Fetal Alcohol Spectrum Disorder and Stress

Stress is a normal part of our daily lives and certain amounts of stress are important to help us function. Small doses of stress help us meet deadlines, get to places on time, and prepare for important events. However, long-term stress can be harmful and can lead to mental and physical health problems, like depression, substance use issues, and stroke.

Article Summary #4: Characterizing adverse prenatal and postnatal experiences

Prenatal alcohol exposure (PAE) is known to cause negative outcomes for individuals exposed. However, the majority of people with prenatal alcohol exposure (PAE) are also exposed to other prenatal or postnatal factors that may negatively impact their physical and mental health, including exposure to other substances, toxic stress, lack of resources, abuse, and neglect. These factors can interact with one another, leading to unexpected or cumulative negative effects on health outcomes.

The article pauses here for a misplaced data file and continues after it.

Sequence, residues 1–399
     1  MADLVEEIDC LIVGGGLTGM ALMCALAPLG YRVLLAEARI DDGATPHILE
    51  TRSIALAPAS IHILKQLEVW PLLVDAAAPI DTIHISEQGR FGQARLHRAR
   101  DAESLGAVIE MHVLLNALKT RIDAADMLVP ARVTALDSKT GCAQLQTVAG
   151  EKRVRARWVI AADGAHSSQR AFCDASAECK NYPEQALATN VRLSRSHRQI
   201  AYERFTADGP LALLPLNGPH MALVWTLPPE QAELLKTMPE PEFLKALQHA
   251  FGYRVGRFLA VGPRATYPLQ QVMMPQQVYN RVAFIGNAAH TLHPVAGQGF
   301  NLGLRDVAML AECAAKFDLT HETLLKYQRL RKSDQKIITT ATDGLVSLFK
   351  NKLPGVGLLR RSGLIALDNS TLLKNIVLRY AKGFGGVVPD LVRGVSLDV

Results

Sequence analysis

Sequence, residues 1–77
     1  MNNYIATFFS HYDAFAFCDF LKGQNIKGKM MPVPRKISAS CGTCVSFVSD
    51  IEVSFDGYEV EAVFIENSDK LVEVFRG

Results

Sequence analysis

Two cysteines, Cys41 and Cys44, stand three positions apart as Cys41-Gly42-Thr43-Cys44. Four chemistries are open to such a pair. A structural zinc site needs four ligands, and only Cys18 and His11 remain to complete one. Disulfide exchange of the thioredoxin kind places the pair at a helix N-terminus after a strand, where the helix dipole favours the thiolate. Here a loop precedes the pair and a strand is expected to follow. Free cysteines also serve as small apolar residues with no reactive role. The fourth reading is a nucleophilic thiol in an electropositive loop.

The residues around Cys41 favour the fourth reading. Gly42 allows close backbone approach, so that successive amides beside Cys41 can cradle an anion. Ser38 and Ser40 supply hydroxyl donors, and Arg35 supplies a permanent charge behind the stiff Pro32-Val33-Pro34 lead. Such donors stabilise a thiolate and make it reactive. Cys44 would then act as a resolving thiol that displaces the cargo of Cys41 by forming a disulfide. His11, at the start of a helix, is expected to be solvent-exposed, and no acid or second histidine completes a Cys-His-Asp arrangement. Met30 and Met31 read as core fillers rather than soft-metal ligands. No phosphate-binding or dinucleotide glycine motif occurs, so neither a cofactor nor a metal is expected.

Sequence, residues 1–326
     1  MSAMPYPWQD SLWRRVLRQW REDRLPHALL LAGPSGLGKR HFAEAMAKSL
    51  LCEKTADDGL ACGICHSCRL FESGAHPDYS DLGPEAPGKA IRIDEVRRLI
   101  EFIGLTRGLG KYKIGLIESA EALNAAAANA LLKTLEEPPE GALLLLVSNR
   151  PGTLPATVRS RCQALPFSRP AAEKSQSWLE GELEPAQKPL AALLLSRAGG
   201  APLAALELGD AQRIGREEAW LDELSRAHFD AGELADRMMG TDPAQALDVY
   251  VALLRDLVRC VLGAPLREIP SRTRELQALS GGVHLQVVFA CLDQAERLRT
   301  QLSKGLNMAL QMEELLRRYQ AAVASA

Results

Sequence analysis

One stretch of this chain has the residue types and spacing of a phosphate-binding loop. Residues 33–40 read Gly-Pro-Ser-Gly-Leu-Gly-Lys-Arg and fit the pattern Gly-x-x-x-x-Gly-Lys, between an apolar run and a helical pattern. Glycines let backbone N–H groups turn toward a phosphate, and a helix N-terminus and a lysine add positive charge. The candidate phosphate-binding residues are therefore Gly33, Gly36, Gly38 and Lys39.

Article Summary #3: Forty Years of Assessing the Effects of Prenatal Alcohol Exposure

Early life assessment of neurodevelopment and behaviour (NDB) can facilitate timely and meaningful intervention for young children at risk of negative outcomes. In the current study, researchers reviewed the literature to examine what has been learned over the last forty years about NDB difficulties in children with PAE in the first 2 years of life.

Issue Paper: Fetal Alcohol Spectrum Disorder and Adversity

The combination of this brain-based stress sensitivity along with chronic adverse experiences can create significant challenges for individuals with FASD and their families, warranting special consideration and support.